Pests, Climate Variation Threatening Plantain Production, Study Reveals

Akanimo Sampson

Akanimo Sampson

Pests and diseases, synthetic chemicals, and climate variation are seriously threatening the production and productivity of plantain.

Plantain (Musa spp.) is however, a staple food crop and a key source of income supporting the livelihoods of millions of smallholder farmers in Sub-Saharan Africa.

A recent study titled Subterranean Microbiome Affiliations of Plantain (Musa spp.) under Diverse Agroecologies of West and Central Africa published in Microbial Ecology explored bacterial and fungal diversity, an important aspect in increasing plant performance in plantains.

The study revealed significant differences between the High rainfall forests and derived Savanna agroecologies among the most abundant bacterial communities, and some specific dynamic responses were observed in fungal communities.

In considering the lack of knowledge on plantain-microbe associations and the need for a holistic approach to increase productivity and identify a more efficient and robust system for long-term food security and economic concerns for smallholder farmers, the study explored the self-supporting microbial ecosystems and distribution in agroecologies and seasonal regimes in the SSA.

“Ascomycota, Basidiomycota, and Zygomycota are the three most dominant fungal species in both agroecologies. Moreover, an immense array of beneficial microbes in the roots and rhizosphere of plantain, including Acinetobacter, Bacillus, and Pseudomonas spp., were found’’, said Manoj Kaushal, Systems Agronomist at International Institute of Tropical Agriculture (IITA).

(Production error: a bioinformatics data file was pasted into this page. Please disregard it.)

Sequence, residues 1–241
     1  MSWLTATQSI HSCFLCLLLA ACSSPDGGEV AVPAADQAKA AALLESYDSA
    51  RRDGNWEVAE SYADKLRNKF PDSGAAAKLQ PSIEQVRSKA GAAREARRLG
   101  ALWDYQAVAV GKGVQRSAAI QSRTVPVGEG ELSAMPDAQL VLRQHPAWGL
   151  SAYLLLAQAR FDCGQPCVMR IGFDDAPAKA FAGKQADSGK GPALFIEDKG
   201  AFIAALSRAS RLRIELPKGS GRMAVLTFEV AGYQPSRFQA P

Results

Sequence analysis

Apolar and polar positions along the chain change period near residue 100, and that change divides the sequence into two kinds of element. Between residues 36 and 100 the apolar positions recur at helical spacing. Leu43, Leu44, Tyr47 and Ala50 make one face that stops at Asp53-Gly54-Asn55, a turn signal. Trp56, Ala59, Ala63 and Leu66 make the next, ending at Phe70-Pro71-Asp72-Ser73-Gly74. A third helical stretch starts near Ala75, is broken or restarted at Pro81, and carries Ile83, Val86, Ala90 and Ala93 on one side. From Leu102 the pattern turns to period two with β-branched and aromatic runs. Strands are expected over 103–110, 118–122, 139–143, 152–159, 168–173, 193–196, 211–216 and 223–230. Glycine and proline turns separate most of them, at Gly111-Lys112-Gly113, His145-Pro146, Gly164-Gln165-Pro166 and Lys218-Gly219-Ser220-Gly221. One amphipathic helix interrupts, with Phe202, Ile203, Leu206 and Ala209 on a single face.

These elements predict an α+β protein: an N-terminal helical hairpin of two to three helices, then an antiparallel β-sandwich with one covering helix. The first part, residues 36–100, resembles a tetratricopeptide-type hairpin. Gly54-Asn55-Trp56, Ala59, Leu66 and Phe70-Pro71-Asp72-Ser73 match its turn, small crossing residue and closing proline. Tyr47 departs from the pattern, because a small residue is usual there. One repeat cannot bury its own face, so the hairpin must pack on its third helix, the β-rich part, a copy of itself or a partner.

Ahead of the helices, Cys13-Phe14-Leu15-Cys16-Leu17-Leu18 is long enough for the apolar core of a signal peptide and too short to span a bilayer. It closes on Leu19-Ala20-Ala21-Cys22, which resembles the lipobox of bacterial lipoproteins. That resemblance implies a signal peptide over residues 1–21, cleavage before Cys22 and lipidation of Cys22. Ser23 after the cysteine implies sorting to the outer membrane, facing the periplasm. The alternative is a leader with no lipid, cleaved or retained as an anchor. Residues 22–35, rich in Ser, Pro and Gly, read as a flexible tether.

Acinetobacter, Bacillus, and Pseudomonas spp. are common biocontrol agents that suppress pathogenic microbes, enhanced by the combined antimicrobial actions exerted among beneficial pathogenic microbes.

Kaushal noted that the findings show that the diverse agroecologies and host habitats differentially support the dynamic microbial profile. This helps in altering the structure in the rhizosphere zone to promote synergistic host-microbe interactions, particularly under the resource-poor conditions of sub-Sahara Africa.

For decades, soil microbes have been considered key for protecting numerous crops from various biotic and abiotic constraints. The increase in beneficial microbial diversity of soil can control various soilborne diseases and prevent the establishment of harmful pathogens in the rhizosphere and roots of a host plant.

In addition, for Musa spp., cropping practices tend to influence microbial community structure and compositions. These differ under diverse agroecologies and climatic conditions.

The study, led by IITA in collaboration with the International Maize and Wheat Improvement Center (CIMMYT), is the first to describe bacterial and fungal communities associated with plantain-based production systems in the humid tropics with different agroecologies and seasonal regimes in SSA.

Also, the team established a model for studying plantain-microbe interactions and their mechanisms to serve as a baseline for future plant health and production studies.

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